• As a reward for our patience and understanding, the six IBC volunteers landed jobs as Olympic News Service flash-quote reporters for basketball. To prepare for this new responsibility, we began to compile data and information about all of the Olympic teams. One volunteer asked a manager for a folder to put the documents in. To obtain a folder, he had to locate a form, get it signed by two people and bring it to an office, which was closed. Three hours later, he got a folder.
It’s China. If you can’t change it, go with it.
Erica Patterson, 22, of Bloomington, is an International Broadcast Center assistant for the Beijing 2008 Olympics. Patterson is a journalism and sociology major at the University of Iowa, where she just completed her junior year. Erica interned at NBC affiliate KWWL-TV in Cedar Rapids, Iowa, and now works as a producer, anchor and reporter for Daily Iowan TV. You can contact her at email@example.com.
Elizabeth Tuttle: Making out in China
Americans are under the impression that Chinese people are shy and conservative, but those who believe that must have never visited Beijing. The young China, the new China, surprisingly embraces extravagant Public Displays of Affection (aka PDA). After 8 p.m. on the soccer field at Tsinghua University, where I live, there is no longer enough light to play soccer, but there is the perfect amount of twilight for young lovers.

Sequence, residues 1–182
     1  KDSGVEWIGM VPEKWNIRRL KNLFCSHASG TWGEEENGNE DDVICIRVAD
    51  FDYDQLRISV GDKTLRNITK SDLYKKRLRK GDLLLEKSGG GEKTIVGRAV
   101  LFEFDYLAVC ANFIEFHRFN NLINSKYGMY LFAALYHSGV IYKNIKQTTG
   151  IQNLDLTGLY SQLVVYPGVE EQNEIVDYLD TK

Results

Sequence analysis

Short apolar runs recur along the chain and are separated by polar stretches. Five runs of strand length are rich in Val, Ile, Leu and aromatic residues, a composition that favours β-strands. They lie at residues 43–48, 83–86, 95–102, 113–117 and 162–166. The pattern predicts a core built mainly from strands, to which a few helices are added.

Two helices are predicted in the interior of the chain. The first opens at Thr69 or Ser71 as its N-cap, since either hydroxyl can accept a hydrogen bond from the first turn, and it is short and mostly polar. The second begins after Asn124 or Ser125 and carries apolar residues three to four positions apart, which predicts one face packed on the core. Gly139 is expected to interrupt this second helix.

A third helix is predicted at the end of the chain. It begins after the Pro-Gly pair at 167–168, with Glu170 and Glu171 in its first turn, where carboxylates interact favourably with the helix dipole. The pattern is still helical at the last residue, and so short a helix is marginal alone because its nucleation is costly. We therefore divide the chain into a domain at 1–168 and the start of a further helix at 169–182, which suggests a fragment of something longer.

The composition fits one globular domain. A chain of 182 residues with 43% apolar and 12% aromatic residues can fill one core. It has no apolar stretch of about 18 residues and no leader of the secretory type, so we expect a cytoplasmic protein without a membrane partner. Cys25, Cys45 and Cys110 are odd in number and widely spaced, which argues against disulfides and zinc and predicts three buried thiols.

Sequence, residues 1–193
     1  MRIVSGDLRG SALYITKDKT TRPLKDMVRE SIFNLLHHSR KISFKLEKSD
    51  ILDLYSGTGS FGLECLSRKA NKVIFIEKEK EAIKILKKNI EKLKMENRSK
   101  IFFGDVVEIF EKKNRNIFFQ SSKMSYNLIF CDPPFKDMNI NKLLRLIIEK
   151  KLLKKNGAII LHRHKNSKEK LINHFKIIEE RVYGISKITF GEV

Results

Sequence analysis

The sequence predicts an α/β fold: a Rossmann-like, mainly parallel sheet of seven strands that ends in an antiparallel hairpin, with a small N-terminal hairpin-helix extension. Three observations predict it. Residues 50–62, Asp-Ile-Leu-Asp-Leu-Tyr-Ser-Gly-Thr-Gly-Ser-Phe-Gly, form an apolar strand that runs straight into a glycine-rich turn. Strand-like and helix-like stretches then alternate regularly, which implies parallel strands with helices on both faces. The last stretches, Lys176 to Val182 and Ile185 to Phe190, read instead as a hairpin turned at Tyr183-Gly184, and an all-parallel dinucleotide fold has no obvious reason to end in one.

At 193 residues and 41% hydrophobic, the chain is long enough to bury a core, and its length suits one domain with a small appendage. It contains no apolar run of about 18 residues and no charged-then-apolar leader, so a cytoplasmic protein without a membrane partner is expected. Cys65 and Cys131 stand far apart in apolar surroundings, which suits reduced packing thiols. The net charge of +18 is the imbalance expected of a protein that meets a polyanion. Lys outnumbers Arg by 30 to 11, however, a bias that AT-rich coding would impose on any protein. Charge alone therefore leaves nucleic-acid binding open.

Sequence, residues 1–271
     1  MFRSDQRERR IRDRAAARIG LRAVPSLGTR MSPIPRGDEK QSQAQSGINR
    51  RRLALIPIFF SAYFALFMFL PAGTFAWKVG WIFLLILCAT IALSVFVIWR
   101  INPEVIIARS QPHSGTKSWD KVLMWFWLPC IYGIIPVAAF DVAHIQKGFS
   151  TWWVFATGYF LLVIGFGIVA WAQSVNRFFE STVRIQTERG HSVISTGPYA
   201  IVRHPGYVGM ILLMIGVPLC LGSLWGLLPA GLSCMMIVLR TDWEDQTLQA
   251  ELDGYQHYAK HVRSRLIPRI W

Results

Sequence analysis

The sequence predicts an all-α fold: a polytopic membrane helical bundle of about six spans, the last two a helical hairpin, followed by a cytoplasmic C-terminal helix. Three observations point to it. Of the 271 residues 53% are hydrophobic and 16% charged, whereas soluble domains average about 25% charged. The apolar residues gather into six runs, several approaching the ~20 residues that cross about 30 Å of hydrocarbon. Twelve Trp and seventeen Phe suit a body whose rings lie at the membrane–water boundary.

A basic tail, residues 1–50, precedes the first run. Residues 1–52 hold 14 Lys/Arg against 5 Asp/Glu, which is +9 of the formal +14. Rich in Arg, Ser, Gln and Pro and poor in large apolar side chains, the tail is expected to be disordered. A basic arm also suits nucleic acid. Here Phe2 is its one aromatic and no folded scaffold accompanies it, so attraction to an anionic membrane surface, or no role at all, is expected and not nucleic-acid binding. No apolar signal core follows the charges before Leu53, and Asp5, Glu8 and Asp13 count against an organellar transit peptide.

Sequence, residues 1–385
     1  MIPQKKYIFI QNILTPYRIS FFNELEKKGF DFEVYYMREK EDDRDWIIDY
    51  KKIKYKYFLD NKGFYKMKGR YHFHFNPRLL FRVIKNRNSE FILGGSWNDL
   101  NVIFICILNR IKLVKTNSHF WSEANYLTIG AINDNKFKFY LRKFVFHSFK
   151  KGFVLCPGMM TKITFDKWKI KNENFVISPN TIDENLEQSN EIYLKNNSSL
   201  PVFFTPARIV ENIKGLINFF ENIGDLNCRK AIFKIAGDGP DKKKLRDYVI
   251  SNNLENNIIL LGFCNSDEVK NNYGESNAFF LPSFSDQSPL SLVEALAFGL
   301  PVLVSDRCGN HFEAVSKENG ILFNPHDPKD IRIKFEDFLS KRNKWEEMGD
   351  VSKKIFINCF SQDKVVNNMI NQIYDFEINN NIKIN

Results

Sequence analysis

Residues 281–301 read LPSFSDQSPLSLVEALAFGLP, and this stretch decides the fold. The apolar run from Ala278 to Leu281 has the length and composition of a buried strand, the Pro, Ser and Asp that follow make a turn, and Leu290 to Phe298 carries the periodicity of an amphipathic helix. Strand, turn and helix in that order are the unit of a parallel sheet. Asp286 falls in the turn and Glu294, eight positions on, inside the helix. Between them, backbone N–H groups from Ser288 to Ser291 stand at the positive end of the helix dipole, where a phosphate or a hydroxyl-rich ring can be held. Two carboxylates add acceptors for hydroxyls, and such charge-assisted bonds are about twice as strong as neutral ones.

The soccer field is covered in couples lying down on blankets or standing. They whisper and giggle at each other and make out. It’s strange to see on a college campus in the United States, but it is what I saw back in high school: kids making out near the football field on game nights back in Minnetonka.
But my favorite story of PDA accompanies a picture taken by my friend Ann Frisk (a fellow University of Iowa student). The girls and I were ordering kiwi smoothies at a bakery in Beijing when Nicole Mason (pictured below) went to find a table.
Then I hear Nicole say my name almost laughing, but I didn’t turn until she said my name again, and when I looked over, I saw them in the bakery’s seating area. Two Chinese kids were making out, the girl sitting in the guy’s lap, her arms around his neck, devouring his face. We all sat a couple of tables away and watched in surprise.
I don’t even see this in the United States. The couple continued on like this for at least 30 minutes, and they were still there even as we left the place.
But this picture and story just show stereotypes are not always true and that Chinese people, especially the youth, are not as modest and shy as many Americans think.
Elizabeth Tuttle, 20, of Minnetonka, is a reporter for the official Beijing Olympic News Service. Tuttle is a journalism and international studies major in her senior year at the University of Iowa. She covered Olympic test events for the Beijing Olympic News Service in October and is currently working on a documentary about China and the Olympics. Tuttle can be reached at firstname.lastname@example.org.